Well, that escalated quickly. It’s only been a matter of days since the soggy denouement to England’s third and final ODI against Sri Lanka – a match that had begun amid rumours of a few fresh faces in the ranks, but had continued with a solitary change to the line-up and another win-toss-and-bowl display, as Eoin Morgan targeted a full hand of World Cup Super League points before the heavens opened to rain on his run-chase.
Changes are afoot now, all right. Eighteen of them to be precise, following the scrambling scenes on Tuesday morning, as seven positive Covid cases in the England camp led to the self-isolation of the other close contacts therein. You thought it was extraordinary when Gareth Southgate reeled off three substitutions with England 4-0 up against Ukraine on Saturday? Chris Silverwood just phoned and wants you to hold his beer…
And so, all bets are off for the coming contest – which was always expected to be a stiffer challenge than Sri Lanka were ever able to pose, though these new circumstances are rather taking the Mickey (as Mickey Arthur himself has acknowledged). Pakistan are currently third on the Super League table, having played half as many games as England, and though they didn’t play ODIs on last year’s bio-secure tour, they emerged with a share of the T20I series with a thrilling defence of 191 in the decider at Old Trafford. The lack of jeopardy was palpable throughout the Sri Lanka leg, particularly for England’s fans, returning to the stands, but sometimes you really do have to be careful what you wish for.
Nevertheless, what an opportunity these coming games present for England’s hastily-assembled stand-ins. There are players in this emergency party who may well find themselves playing their first and only international matches in the coming days – men such as Gloucestershire’s David Payne, who admitted he couldn’t stop smiling after getting the call from Silverwood while on red-ball duty in Cheltenham, and Middlesex’s John Simpson, one of the most accomplished wicketkeepers in the country, and now the only specialist on parade.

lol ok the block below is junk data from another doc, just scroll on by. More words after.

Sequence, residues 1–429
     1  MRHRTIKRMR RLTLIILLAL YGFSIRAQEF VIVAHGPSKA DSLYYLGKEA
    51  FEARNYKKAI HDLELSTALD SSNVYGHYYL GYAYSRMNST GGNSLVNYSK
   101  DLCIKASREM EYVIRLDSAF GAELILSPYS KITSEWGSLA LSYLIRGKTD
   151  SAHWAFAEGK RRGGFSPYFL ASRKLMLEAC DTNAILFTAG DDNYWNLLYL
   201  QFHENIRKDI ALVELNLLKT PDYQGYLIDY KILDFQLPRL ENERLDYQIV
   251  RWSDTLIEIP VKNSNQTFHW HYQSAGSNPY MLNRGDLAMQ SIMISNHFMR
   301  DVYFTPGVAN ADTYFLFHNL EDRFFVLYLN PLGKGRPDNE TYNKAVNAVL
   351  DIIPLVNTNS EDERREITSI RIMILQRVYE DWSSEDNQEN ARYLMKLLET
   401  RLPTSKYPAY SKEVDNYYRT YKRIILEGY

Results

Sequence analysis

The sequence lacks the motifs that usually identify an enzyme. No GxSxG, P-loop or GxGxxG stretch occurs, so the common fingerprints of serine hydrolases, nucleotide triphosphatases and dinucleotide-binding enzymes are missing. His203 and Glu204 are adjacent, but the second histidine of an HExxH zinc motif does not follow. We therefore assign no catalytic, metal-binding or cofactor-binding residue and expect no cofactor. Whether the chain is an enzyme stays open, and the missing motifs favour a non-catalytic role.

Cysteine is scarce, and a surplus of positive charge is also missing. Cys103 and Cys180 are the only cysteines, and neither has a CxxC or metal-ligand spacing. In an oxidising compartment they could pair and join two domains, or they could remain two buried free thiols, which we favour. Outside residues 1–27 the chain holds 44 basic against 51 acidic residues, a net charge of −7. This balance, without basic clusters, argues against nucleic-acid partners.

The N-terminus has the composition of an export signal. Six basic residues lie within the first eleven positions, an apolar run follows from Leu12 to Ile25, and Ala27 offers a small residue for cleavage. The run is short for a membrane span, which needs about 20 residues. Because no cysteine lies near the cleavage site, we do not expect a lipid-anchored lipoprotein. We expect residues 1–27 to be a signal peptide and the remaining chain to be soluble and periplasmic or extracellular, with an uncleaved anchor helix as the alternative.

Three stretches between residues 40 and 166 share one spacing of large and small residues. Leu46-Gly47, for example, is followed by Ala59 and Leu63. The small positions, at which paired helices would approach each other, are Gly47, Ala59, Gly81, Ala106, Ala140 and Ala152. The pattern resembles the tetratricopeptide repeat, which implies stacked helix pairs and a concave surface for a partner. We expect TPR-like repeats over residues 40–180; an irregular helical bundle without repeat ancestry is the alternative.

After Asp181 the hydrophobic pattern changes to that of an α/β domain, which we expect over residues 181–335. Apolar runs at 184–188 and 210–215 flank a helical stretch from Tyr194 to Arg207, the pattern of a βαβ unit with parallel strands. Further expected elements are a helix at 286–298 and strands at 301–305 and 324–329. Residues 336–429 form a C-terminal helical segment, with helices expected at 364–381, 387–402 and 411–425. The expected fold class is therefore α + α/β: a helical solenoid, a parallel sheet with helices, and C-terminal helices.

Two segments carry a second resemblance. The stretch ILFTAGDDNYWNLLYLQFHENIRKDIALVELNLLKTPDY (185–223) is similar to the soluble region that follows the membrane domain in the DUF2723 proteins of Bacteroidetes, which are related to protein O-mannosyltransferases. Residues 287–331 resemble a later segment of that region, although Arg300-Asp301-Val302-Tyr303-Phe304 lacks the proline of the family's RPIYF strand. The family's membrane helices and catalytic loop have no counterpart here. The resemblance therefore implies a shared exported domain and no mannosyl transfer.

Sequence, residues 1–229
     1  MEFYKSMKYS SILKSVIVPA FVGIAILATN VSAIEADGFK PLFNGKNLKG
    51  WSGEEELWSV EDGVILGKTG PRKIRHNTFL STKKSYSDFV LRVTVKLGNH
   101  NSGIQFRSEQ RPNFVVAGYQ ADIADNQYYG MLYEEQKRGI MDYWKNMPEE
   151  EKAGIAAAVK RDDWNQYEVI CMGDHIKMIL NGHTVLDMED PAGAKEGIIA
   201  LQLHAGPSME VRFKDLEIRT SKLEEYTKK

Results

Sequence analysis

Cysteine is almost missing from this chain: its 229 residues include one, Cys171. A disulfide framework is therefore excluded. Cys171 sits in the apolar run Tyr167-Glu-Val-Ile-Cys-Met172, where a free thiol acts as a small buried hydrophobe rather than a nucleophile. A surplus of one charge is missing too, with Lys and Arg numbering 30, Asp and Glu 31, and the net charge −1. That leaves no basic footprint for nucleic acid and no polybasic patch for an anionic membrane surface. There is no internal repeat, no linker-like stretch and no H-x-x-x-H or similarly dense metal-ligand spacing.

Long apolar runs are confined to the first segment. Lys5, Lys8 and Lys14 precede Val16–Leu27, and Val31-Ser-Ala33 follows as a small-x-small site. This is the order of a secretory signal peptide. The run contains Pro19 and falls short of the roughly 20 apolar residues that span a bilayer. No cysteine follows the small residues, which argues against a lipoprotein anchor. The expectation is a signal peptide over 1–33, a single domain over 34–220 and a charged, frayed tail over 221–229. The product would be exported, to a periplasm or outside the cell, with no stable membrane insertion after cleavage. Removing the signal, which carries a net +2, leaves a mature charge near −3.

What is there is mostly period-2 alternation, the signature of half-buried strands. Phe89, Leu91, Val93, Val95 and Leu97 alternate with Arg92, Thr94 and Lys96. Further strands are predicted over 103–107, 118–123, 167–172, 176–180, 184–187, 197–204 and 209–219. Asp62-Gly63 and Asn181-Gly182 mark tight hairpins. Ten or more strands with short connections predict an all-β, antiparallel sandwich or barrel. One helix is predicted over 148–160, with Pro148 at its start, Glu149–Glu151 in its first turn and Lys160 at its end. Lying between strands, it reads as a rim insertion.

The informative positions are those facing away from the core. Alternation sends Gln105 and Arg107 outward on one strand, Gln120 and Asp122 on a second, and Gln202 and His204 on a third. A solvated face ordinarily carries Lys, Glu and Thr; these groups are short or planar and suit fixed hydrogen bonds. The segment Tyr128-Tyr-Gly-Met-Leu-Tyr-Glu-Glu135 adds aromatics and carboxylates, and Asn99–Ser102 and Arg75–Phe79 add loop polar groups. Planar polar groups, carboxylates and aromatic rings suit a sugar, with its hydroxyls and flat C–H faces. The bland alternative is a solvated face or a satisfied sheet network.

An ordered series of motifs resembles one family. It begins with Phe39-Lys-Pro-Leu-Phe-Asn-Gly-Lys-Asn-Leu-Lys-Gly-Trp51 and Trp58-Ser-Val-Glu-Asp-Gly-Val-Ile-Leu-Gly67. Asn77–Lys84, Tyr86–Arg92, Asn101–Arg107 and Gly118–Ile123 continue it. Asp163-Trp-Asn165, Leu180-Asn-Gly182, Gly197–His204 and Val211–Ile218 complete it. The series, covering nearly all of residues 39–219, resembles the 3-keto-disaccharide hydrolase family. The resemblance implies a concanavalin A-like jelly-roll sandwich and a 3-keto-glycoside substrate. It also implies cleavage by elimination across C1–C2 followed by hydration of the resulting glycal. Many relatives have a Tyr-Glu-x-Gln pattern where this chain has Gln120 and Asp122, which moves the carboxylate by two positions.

But there are players too for whom this a massive opportunity to restate credentials that, for one reason or another, have been marginalised in the intervening seasons (step forward James Vince and Ben Duckett) or simply to fast-track their own standings as ones to watch for the future – Surrey’s Will Jacks being a particularly prime example. Others, such as Somerset’s Lewis Gregory, have found it hard to gain traction in their limited opportunities to date. His eight T20Is have so far offered little opportunity to show off his range as a No.7, fifth-change bowler. A 50-over outing gives far more scope for meaningful contributions across the board.
And then there’s the skipper. Ben Stokes was meant to be easing back to match fitness at Durham after breaking his finger at the IPL and saving his energies for an intense second half of the year – starting with the five Tests against India (not to mention his vital status as a drawcard for the Hundred), then morphing into the World T20 and the Ashes over Christmas and New Year. Now he’s answered the call as if it’s the final day at Headingley or Cape Town all over again – “help us Ben Kenobi, you’re our only hope”.
A penny for Pakistan’s thoughts amid all this chaos. They’ve been holed up in their Derby Travelodge, a familiar base-camp following last year’s Test preparations, no doubt plotting their strategies for tackling the new-ball threat of Sam Curran, Chris Woakes and David Willey, and undermining the Bairstow-Roy-Root axis at the top of England’s World Cup-winning batting order. Instead they’ll now be cobbling together some hasty plans for the likes of Phil Salt and Brydon Carse. The county streams may help them in that regard, but despite England’s undignified departure, it’s unlikely that their outgoing management forgot to leave their own scouting reports pinned to the dressing-room fridge.
In the spotlight
One player that Pakistan won’t need to make many plans for is Saqib Mahmood. They saw signs of his potential in the T20I series last summer, but moreover, they watched him grow into his role as one of only two overseas seamers at the first leg of this year’s postponed PSL – the other was no less an icon than Dale Steyn. With 12 wickets in 18.1 overs across five appearances, he was the tournament’s leading wicket-taker at the time of the bubble breach in March, having thrived on the strike-bowling responsibility handed to him by his Peshawar Zalmi captain, Wahab Riaz. He translated that attacking threat into red-ball cricket this summer too, with a thrilling five-for to seal the Roses match for Lancashire in May, and of all the reserves drafted into England’s emergency squad, he’s among the closest to making a proper push for first-team honours.